A couple of weeks before I was to give my talk at TEDMED this year, my sister emailed me this talk with the question, “Hey Pete, have you ever heard of TED? You should definitely check this out.  You’ll love this talk,” to which I responded, “Yea, I *think* I’ve heard of TED…oh, yea, I have. Thanks for sending.” (I didn’t have the heart to be that much of a wise guy and say I was obsessed with TED and was giving a talk a few weeks later.)  But coming from my sister, I knew I would like it. I simply couldn’t take my eyes off the screen as Shane mixed poetry and rage in emotional appeal. I’d give anything to meet Shane one day, and I hope every kid in high school watches this.

Shane Koyczan: “To This Day” … for the bullied and beautiful

 

I came across this talk pretty recently, shortly after it was posted in April of this year. Some have said that a truly great TED talk engages some part of your intellect and some part of your emotion, and ideally a bit of both.  The talk definitely engages my intellect.  The style and rhythm of Lawrence’s presentation is just amazing, and it really brings to light what I think most of us realize is a broken system in this country. He is simply a remarkable orator.

Lawrence Lessig: We the People, and the Republic we must reclaim

 

I saw this talk for the first time in mid-2006, I think. I had certainly heard of Tony Robbins, even back in the late-1980’s, though I had never actually heard him speak.  I’m not sure why, because presentations by ‘professionals’ don’t typically appeal to me, but I find this talk really insightful.  The story at the end is particularly moving.

Tony Robbins: Why we do what we do

 

I don’t know how I came across Joshua’s talk.  I think I was just scrolling through recently released talks earlier this year.  From the first moment, though, I was hooked.  Can you imagine what he felt as he went along this journey?

Joshua Prager: In search of the man who broke my neck

 

Steve Levitt is a close friend, and so perhaps I’m biased in my appreciation for his work, which goes well beyond this talk or his other (equally provocative, but funnier) talk on the economics of being a crack cocaine dealer.  Perhaps because I find myself among a group of people challenging conventional wisdom, I find it so enjoyable to spend time and share ideas with a guy like Steve. He sure makes a lot of enemies daring to suggest the evidence supporting the use of car seats is not as cut and dry as the “establishment” would have us believe.  Sound familiar?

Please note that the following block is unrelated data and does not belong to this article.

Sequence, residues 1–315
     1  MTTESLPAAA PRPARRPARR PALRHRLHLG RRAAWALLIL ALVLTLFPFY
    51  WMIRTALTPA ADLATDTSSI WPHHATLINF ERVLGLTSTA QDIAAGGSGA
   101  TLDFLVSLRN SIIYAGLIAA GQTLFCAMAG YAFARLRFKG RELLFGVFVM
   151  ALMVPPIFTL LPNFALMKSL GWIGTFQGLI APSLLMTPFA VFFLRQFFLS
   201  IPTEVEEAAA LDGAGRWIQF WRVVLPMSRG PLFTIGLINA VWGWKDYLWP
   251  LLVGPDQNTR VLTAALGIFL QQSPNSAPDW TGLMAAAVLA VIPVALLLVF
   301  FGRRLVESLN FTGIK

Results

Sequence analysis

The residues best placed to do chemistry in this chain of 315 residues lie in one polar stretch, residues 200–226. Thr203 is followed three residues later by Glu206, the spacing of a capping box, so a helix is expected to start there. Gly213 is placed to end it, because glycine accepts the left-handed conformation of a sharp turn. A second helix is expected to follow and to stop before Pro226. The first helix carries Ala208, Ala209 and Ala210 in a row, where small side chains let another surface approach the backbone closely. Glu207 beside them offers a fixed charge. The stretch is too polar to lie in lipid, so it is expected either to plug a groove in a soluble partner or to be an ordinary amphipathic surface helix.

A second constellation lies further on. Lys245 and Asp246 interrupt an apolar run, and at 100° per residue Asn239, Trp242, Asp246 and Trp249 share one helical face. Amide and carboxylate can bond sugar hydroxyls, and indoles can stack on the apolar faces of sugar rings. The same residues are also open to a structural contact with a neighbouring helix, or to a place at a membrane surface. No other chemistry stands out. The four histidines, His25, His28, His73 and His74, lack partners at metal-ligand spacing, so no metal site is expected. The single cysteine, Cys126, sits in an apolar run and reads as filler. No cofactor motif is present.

Steven Levitt on child carseats

 

The night I gave my talk at TEDMED I remember getting back to my hotel after a reception. I wasn’t very happy with how my talk went and was a bit disappointed in my inability to control my emotion, which I felt may have got in the way of the message I wanted to deliver. One of the folks on the editorial staff of TEDMED called me to say ‘hi,’ and when I shared my disappointment with her, she suggested I watch this talk.  I was amazed that I had missed it previously.

Brené Brown: The power of vulnerability

 

Bonus talk

(Since I saw this talk live, at 2013 TEDMED, unlike the other 10 which I only saw on video, I think it gets its own category.)

What is so categorically brilliant about Andrew’s talk is that is starts in a familiar place.  You think you know where he’s going and what the talk is going to be about, but he takes you on a journey that will move you to tears, especially if you’re a parent.  I recall telling my wife upon my return to San Diego, “Wait till you see this talk when it comes out…best talk of the 2013 conference.”  She said, “Oh Peter, I’m sure it’s good, but your talk will always be my favorite of 2013.”  Then I made her watch it a month later.  She stood corrected!  She said, “Ok, I see what you mean.  This was simply breathtaking.  And better than yours by a mile.”

Andrew Solomon: Love, no matter what

I think there is another reason I find Andrew’s talk and, to some extent, each of these talks insightful and resonant. The experience of standing up there and giving one of these talks is not ‘normal’ for most of us, especially if talking about something personal as Andrew did.  It’s really the height of vulnerability, and I could not have appreciated this without going through it.  I give talks all the time and never get nervous. Once, as a surgical resident I won an award and had to present my research to an auditorium of experts numbering over 1,000. It didn’t really faze me.  It was a technical talk about CD25+CD4+ T-cells and tumor regression.  What’s not to be comfortable about?  But a talk like this was very different and, for me at least, much more difficult.